Bill Forsyth’s Gregory’s Girl (1981) is the best teen comedy ever made and I will stand on John Hughes’ coffee table in my cowboy boots and say that. When I discovered it at age 12 it felt like it had been beamed across the Atlantic directly into my heart and brain. It is one of the first instances I can recall when a piece of art assured me that I was not just out here on my own. Legions of fans in the UK knew how I felt, as it turns out. It won the BAFTA award for Best Original Screenplay and was nominated for Best Newcomer, Best Direction and Best Film and sits at number thirty on the BFI’s list of the Top 100 British Films. On this side of the ocean, though, I felt like part of a small secret club that loved this movie. It is woefully underappreciated in the States to this day, so I chose it for this episode in hopes that there is someone out there like me thirty-two years ago that is waiting for an unassuming jewel like this to come along and teach them an important lesson or two, to reassure them or to just make their day a little better.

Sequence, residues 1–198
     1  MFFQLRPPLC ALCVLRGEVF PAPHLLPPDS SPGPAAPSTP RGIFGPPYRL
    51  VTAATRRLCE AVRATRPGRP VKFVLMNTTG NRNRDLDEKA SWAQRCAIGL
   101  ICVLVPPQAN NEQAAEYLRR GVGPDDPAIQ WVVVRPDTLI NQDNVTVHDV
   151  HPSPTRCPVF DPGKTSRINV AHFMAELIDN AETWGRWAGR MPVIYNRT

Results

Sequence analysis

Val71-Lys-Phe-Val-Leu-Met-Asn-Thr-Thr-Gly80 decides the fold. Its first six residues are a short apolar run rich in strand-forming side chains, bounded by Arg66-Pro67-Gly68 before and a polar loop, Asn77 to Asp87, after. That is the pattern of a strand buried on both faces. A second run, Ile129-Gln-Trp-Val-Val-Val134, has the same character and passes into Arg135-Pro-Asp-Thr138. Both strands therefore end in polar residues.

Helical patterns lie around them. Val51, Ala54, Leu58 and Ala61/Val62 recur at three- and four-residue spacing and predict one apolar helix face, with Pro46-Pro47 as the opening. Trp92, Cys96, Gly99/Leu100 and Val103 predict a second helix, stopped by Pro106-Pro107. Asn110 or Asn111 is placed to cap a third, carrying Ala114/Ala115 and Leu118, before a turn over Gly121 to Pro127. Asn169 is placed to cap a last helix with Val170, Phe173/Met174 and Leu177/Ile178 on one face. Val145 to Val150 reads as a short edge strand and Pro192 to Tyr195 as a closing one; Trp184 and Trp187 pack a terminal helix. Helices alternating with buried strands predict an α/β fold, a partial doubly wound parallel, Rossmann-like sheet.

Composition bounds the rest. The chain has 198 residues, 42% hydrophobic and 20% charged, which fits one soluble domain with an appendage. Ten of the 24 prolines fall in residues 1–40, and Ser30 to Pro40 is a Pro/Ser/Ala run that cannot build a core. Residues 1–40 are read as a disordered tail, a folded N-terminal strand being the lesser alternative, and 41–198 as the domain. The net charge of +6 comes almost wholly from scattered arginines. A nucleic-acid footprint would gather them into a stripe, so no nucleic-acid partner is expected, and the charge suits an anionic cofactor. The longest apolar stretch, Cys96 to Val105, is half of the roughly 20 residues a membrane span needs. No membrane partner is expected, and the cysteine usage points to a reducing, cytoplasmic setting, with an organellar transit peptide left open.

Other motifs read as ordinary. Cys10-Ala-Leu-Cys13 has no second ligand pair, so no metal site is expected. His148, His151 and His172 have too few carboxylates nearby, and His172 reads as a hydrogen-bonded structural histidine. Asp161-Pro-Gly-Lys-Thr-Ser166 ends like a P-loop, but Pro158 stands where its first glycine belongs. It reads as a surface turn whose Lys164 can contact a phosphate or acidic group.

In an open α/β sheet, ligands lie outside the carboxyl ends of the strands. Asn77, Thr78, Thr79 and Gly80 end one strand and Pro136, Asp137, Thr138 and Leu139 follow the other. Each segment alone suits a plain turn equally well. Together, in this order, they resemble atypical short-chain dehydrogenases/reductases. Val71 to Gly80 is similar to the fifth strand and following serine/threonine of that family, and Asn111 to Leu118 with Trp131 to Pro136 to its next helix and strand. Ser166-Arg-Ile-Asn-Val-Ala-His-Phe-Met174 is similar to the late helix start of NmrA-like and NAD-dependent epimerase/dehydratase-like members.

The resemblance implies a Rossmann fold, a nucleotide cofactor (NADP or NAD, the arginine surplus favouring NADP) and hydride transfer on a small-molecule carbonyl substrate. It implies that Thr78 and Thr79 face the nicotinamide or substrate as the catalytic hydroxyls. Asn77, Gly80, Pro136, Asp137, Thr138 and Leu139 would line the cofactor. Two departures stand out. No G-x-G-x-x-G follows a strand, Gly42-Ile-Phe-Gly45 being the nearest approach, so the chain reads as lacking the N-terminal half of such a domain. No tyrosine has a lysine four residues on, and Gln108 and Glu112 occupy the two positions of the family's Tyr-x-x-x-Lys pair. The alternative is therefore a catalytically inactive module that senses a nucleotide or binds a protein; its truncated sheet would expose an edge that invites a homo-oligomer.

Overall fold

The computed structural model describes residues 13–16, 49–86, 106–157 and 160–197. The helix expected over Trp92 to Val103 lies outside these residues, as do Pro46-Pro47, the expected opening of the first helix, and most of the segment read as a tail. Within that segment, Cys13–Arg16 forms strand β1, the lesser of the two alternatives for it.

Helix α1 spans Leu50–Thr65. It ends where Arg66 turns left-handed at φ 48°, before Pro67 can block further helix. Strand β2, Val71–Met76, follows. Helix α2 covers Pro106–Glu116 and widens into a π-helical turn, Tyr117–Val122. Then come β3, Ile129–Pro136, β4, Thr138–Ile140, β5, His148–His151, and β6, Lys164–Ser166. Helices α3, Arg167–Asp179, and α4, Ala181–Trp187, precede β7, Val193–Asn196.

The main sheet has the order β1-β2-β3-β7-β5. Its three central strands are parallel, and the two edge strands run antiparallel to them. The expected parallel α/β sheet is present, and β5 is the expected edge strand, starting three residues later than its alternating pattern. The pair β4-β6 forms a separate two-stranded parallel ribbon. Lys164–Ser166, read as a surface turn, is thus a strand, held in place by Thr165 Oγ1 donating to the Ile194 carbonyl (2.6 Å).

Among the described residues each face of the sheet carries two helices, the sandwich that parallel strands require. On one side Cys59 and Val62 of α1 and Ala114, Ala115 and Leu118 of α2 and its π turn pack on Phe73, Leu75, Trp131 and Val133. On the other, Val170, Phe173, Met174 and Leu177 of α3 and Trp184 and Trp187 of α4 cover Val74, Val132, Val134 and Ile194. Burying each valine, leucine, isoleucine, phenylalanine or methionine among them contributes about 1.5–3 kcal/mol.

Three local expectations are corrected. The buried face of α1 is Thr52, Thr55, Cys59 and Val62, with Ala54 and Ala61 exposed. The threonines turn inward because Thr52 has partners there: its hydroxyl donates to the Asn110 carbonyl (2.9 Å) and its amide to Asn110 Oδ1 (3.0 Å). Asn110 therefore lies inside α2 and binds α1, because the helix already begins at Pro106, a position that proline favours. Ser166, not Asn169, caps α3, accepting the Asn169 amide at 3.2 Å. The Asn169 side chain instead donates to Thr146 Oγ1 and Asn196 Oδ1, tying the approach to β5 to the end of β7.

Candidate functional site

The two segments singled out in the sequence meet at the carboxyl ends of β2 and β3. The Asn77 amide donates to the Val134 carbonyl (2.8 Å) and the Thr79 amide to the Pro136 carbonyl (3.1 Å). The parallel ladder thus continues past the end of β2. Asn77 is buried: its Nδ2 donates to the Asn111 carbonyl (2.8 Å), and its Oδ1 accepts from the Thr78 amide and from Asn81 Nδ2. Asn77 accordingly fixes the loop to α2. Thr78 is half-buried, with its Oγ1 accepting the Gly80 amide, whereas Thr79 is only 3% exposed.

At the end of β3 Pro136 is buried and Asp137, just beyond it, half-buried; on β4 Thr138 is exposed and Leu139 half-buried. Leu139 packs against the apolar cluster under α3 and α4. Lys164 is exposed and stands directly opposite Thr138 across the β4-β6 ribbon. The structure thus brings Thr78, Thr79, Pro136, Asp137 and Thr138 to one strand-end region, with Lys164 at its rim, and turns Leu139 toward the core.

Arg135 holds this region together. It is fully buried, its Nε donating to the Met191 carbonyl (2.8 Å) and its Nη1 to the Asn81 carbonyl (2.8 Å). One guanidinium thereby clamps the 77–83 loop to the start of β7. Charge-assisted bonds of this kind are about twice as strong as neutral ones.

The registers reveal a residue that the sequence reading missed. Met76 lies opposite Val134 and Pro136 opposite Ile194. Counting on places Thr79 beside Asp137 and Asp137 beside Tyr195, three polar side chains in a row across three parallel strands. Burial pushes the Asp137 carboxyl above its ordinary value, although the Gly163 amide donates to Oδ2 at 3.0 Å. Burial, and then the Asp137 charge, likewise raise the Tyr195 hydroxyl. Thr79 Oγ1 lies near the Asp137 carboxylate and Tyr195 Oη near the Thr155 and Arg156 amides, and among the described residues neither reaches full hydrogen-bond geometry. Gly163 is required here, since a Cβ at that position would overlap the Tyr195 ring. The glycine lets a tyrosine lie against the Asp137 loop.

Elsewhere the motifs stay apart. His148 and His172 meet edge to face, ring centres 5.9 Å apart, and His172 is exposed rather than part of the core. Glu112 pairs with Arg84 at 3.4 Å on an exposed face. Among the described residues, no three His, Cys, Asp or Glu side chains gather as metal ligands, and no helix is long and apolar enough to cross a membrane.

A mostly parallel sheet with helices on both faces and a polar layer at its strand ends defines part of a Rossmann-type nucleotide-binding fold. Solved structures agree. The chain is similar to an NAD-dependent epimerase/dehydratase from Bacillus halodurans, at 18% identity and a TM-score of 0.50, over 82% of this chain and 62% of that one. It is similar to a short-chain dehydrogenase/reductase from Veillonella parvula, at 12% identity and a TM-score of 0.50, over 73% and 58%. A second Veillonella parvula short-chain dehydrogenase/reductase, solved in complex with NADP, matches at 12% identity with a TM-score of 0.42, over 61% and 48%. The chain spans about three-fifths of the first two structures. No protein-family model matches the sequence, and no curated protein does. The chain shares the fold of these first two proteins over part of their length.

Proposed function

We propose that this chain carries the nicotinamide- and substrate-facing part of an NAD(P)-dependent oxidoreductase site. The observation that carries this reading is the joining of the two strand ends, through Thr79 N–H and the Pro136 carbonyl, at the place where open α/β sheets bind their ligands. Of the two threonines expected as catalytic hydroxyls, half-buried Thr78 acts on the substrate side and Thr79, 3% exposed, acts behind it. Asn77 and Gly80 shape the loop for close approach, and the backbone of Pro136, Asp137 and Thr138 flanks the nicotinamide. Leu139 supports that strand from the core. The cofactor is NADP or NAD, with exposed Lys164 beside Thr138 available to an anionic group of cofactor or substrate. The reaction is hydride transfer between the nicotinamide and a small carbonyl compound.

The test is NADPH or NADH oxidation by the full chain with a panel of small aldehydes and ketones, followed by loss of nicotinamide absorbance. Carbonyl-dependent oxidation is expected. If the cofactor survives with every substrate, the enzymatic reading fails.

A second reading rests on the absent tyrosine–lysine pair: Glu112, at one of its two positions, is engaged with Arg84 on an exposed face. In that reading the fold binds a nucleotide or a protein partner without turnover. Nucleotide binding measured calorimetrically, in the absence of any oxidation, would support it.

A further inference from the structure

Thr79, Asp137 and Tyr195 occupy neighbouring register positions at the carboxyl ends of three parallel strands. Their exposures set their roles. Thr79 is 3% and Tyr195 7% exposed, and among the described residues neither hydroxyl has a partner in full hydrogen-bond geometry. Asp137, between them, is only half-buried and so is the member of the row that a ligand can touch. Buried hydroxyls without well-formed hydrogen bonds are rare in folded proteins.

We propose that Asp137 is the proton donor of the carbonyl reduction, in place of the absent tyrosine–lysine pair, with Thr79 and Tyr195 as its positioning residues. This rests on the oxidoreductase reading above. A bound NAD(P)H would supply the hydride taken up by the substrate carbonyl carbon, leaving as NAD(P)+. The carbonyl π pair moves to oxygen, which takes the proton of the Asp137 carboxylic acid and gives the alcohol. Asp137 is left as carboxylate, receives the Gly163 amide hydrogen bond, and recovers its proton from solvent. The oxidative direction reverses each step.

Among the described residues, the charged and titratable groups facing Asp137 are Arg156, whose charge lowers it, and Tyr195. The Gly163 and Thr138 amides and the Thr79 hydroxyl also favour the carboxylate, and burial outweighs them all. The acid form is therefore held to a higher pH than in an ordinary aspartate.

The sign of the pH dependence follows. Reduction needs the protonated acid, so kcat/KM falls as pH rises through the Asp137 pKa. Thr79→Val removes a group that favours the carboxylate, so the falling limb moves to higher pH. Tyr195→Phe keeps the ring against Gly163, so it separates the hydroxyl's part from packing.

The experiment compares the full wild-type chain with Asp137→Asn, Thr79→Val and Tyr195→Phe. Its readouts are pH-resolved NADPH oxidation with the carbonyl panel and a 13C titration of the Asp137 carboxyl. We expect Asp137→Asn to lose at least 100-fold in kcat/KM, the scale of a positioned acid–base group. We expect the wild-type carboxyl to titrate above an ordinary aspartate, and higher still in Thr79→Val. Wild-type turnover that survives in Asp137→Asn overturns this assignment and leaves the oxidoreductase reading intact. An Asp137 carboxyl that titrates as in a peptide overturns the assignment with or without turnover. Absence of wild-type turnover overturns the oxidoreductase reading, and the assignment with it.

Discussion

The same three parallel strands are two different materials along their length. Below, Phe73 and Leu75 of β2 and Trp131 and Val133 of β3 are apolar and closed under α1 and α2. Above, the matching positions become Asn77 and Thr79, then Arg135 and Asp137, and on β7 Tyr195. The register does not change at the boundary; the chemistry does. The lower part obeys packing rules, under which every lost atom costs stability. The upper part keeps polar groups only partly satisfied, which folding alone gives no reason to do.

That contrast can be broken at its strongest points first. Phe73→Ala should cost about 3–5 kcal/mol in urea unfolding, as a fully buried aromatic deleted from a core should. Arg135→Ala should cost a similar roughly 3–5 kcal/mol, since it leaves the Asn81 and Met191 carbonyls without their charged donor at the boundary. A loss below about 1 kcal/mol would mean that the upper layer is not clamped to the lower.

What you’ll find in this episode: first loves, cool kid sisters, very few authority figures, black market doughnuts, dancing versus gravity and 1/125 of an elephant.
Links and Recommendations:
Check out Gregory’s Girl on IMDB.
Ericca’s further viewing pick of My Life as a Dog.
Cole’s further viewing pick of Comfort and Joy.
The official home page of The British Film Institute.
The Movies Made Me podcast is a great listen.
Our friends at Criterion Close-Up discuss My Life as a Dog.
If you like Scots and you like movies, you really should listen to Fuds on Film.